Fast cars and comedy stars make their way into North American multiplexes on Friday hoping to shake things up after Iron Man‘s sheer dominance of the box office over the past week. Warner Bros. unveils its family actioner Speed Racer while Fox counters with its anti-romantic comedy What Happens in Vegas starring Cameron Diaz and Ashton Kutcher which targets young adults. Neither is expected to steal away the crown from Tony Stark,
however they will provide some variety to the marketplace and try to keep the new summer season moving along. With three strong players, look for the box office
to outperform last year’s webslinger-led frame.
From the small screen to the big, Speed Racer zooms into theaters this weekend hoping to tap into nostalgia on its way to building an audience. The PG-rated film
is from The Wachowski Brothers and is their first non-Matrix directorial effort in 12 years. This time the boys are going after young kids and their parents plus the cult following that the Americanized version of the popular Japanese cartoon series has built up over the decades. Emile Hirsch stars as the title character and is joined by Susan Sarandon, John Goodman, Christina Ricci, and Matthew Fox.
Speed Racer offers amazing visuals that fans will want to catch on the big screen. Plus there are no films out there for younger children except for the PG-13 Iron
Man which is playing very broadly. But the Mach 5 crew has an uphill battle as awareness is not too high and current tracking data suggests that excitement levels
aren’t so high. And that flying iron guy is certainly going to be tempting to the family audience even though technically it’s not a kidpic. Speed Racer may also
struggle with word-of-mouth as adult fans may find it too corny and childish while parents might feel many elements are a bit too racy for little kids. Long-term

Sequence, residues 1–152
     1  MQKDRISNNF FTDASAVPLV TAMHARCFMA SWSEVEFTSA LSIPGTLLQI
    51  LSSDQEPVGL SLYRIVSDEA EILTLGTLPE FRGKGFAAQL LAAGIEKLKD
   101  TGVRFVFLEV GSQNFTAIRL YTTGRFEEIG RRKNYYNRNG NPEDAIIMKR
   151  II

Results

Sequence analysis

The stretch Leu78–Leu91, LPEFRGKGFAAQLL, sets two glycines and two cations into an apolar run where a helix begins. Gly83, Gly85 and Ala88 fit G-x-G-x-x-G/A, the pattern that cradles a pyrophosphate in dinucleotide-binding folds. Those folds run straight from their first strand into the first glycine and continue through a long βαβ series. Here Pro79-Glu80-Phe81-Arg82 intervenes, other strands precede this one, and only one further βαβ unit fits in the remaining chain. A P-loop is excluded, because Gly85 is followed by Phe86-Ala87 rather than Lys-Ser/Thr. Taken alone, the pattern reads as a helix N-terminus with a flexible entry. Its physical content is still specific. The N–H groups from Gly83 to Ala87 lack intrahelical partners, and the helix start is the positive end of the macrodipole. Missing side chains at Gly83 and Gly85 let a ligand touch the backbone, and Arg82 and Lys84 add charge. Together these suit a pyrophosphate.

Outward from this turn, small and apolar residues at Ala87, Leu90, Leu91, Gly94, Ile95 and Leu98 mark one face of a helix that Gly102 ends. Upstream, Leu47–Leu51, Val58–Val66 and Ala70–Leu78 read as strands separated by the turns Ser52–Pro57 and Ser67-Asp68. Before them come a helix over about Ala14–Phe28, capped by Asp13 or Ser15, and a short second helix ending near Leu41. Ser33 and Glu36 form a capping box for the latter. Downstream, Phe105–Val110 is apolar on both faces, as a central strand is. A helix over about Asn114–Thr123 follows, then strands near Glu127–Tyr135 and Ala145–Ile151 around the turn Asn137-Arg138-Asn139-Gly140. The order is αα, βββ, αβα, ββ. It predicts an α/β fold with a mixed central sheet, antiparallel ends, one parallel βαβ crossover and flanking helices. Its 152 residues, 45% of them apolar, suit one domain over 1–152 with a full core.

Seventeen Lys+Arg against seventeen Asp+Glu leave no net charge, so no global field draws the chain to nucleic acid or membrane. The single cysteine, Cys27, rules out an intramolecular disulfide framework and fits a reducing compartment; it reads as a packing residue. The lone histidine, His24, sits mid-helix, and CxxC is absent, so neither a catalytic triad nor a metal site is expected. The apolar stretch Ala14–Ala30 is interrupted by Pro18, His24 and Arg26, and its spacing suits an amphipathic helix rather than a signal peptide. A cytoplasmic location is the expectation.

prospects are also shaky as Disney’s rival PG flick The Chronicles of Narnia: Prince Caspian opens seven days later and is based on a property that is significantly more popular. Racing into 3,606 locations, Speed Racer could make off with around $32M.
But a big problem with the marketing is with the television spots as the film is much funnier than the ads make it seem. Diaz is usually a pretty bankable draw at the box office, especially in comedies, and Kutcher lends some weight of his own too. Audiences may be interested in seeing the chemistry between the blonde superstar and the boy toy of her Charlie’s Angels: Full Throttle co-star Demi Moore. Plus Mother’s Day weekend could add some business from adult women looking for something to see that speaks to them. Iron Man probably won’t be it. Most female-skewing comedies have opened in the $14-18M range over the past couple of weeks. Entering 3,208 theaters, What Happens in Vegas will probably score a bigger opening and debut with about $20M.
In 2002, Spider-Man shattered the all-time opening weekend record and then went on to decline by only 38% to $71.4M in its sophomore frame. The following year, X2: X-Men United fell 53% in its second try playing out more like a sequel. Iron Man is more likely to mirror the Wolverine flick despite the positive buzz. Megahits just don’t hold on like the first webslinger pic anymore. Iron Man could see its sales get chopped in half leaving Paramount with roughly $49M this weekend. That would make the cume surge to $171M after ten-plus days of play.
Made of Honor could see its sophomore drop cushioned a bit by Mother’s Day. Recent declines for comedies aimed at the same audience have been 38% for Forgetting Sarah Marshall and 42% for Baby Mama. Look for Patrick Dempsey to snuggle into that range and see a 40% slip. That would give Sony’s romantic comedy about $9M and a mediocre ten-day tally of $27M.
Universal’s Baby Mama has been holding up pretty well and a 35% decline would give the surrogate motherhood pic $6.5M and a total of $41M.
LAST YEAR: For the second weekend in a row, Spider-Man 3 ruled the box office taking in $58.2M boosting the ten-day cume to a jaw-dropping $240.2M. The Sony megahit fell a steep 62% but still managed to be the only film to attract double-digit millions. Opening in second was the horror sequel 28 Weeks Later with $9.8M for Fox while Universal bowed its dramedy Georgia Rule in third with a dismal $6.8M. Final grosses reached $28.6M and $19.1M, respectively. Paramount’s hit thriller Disturbia starring Spielberg‘s favorite new kid ranked fourth with $4.7M and a slim 19% dip. The comedy Delta Farce flopped debuting in fifth with just $3.4M for Lionsgate with an average of under $1,800. A $8.1M final resulted.
Author: Gitesh Pandya, www.BoxOfficeGuru.com